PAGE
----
Chances are your OM camera needs only new light seals and a "CLA" (clean, lubricate, adjust). I'd never hand it over to a repair tech I didn't know personality or had no previous experience with and say "fix any problems it has", because they'll likely find things to fix that don't need it.

    When was the camera last used? It may need nothing.
     
  9. Chan Tran

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    To the OP! Since you seem to prefer a P&S I would suggest you go to the dark side and get a D***** camera. $20 to $50 would buy you a good used P&S and lower cost making prints.
     
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    Jheath0015

    Jheath0015 Member

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    It’s not that I prefer point and shoot. It’s just that’s all I’ve used. I’ve always wanted and SLR just have been afraid with all the manual controls so this way it gives me something I’ve always wanted without having to pay for it (except the cost of repairs and cleaning).
     
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    Jheath0015

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    Also, I don’t know anyone personally that cleans or repairs Camera’s. Not many around to be honest. Couple in Nashville, clarksville, and one in Paducah close to my parents. Probably gonna go with the latter but only because that’s where I’m from.
     
  12. Theo Sulphate

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    KEH, a good source for buying used cameras, also repairs cameras and would probably do as good a CLA as anyone.

    They're in Atlanta.

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  13. mshchem

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    Get a point and shoot. Then buy a Nikon F5 and a 50 1.4. Once you use a PROFESSIONAL auto focus SLR, well it will change you :heart:. The OM-10 isn't an Olympic Olympus. You need to buy a Paterson tank and some HC-110 and develop and scan yourself. Make contact prints etc.

    If you have an OM-10 odds are that the lenses aren't top of the line Zuiko Olympus brand. If you have 500 bucks to spend you can buy a Nikon or Canon pro 35mm camera. Learn how to develop your own film.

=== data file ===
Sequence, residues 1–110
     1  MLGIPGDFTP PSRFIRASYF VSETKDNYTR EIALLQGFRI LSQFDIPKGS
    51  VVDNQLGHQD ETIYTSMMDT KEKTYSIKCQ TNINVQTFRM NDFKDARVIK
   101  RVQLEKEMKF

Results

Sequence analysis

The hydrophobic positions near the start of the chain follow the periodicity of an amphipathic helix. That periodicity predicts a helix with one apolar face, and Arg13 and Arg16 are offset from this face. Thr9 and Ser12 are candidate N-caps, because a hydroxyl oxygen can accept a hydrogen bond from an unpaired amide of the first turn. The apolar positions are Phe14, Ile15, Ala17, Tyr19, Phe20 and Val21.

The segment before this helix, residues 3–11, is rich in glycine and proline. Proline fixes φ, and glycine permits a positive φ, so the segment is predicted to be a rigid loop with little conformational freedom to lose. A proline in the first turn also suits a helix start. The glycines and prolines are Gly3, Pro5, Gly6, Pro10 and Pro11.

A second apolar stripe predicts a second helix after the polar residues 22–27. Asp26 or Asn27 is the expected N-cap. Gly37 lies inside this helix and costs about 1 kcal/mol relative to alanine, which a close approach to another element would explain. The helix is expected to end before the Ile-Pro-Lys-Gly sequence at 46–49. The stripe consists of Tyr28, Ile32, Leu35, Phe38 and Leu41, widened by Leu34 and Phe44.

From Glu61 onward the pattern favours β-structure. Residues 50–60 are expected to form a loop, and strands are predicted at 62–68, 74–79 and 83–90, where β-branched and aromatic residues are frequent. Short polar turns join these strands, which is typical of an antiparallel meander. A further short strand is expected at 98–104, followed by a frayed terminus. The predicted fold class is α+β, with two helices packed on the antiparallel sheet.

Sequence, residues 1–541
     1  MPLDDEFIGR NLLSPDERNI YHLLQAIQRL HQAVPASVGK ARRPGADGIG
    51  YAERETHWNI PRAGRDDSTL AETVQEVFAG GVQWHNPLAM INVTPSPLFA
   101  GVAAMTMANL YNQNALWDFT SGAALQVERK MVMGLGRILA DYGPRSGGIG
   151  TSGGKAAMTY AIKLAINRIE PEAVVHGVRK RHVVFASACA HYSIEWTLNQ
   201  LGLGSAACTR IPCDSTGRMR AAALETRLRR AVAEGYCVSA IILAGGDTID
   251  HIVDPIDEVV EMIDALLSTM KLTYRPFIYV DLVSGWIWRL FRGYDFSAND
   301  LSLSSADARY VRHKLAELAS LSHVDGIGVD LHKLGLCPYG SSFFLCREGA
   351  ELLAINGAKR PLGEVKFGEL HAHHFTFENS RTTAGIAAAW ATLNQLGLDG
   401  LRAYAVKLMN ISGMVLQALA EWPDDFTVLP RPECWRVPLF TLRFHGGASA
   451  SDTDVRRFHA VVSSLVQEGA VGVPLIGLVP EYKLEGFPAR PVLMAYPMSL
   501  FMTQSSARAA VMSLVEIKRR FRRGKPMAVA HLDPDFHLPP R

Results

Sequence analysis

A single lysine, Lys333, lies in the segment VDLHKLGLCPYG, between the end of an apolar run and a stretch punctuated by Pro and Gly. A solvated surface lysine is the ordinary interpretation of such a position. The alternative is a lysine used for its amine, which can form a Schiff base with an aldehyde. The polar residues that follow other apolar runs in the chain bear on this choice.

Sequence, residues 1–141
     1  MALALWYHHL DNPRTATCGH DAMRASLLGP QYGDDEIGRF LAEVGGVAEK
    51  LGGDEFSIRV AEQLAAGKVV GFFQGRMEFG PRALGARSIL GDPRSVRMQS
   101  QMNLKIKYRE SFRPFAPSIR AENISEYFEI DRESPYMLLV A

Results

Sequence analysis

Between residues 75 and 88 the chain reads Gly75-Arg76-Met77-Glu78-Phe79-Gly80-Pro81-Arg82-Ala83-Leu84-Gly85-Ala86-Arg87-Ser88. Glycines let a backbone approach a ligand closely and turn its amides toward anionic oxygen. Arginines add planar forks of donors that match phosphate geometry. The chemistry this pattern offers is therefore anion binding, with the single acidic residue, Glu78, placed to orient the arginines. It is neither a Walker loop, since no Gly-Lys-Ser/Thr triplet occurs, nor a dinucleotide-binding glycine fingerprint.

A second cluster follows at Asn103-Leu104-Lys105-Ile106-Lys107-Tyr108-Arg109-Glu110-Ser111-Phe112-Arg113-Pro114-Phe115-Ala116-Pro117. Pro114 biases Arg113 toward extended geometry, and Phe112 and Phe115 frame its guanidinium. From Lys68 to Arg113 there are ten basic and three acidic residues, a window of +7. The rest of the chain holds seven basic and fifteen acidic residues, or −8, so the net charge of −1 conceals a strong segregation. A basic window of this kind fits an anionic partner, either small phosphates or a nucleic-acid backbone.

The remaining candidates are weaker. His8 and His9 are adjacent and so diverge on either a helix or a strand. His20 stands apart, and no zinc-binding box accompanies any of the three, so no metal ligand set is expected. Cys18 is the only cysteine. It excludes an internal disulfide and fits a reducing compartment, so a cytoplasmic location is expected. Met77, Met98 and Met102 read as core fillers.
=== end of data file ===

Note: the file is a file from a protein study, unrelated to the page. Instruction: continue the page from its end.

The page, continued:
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  15. Chan Tran

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    In this case the OM-10 is fine. You can use that it's a bit less convenient when you want to set exposure the way you want because it's aperture priority only and no manual mode but you can trick it to set any settings you want.
    You might want to buy another camera or cameras after a while but that for later.
     
  16. Craig75

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    Load up what you have in the house and just shoot it. Dont worry about a small scratch or servicing gear - just run some film through it and see what you get

    On an SLR there are only 4 controls - aperture, shutter speed, film speed, and focus. Just shoot at film's box speed and now there are only 3 controls. Im sure you can focus so now there are only 2 controls. Just leave the aperture at f8 for the moment and now there is only one control - the shutter. Slower shutter = more light = brighter picture - faster shutter = less light = darker picture and away you go.
     
  17. wyofilm

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    Craig75 is right! Just go use the camera you have the way he said to. You will have fun; ALL of your manual misgivings will go away with the first roll. By the second roll, you will be wondering what all the fuss was about.

    Film is super forgiving to overexposure. So, I would start off with a roll of 400 speed film. This will suit you fine from overcast to sunny.

    To be honest, I would have prints made with the first rolls you shoot. A little spendy, but in the early going you don't have to think about processing or scanning. Have fun!
     
  18. mshchem

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    Absolutely true with negative film. One bit of caution. If you Overexpose up to 4 stops and underexpose up to 2 stops, there's a good chance the prints you get back will be auto corrected to produce an acceptable print. They won't look the same on close inspection especially if you are changing the f-stops. Both former postings are correct color negative film has at least 6 stops of wiggle room. This is why disposable cameras give acceptable prints.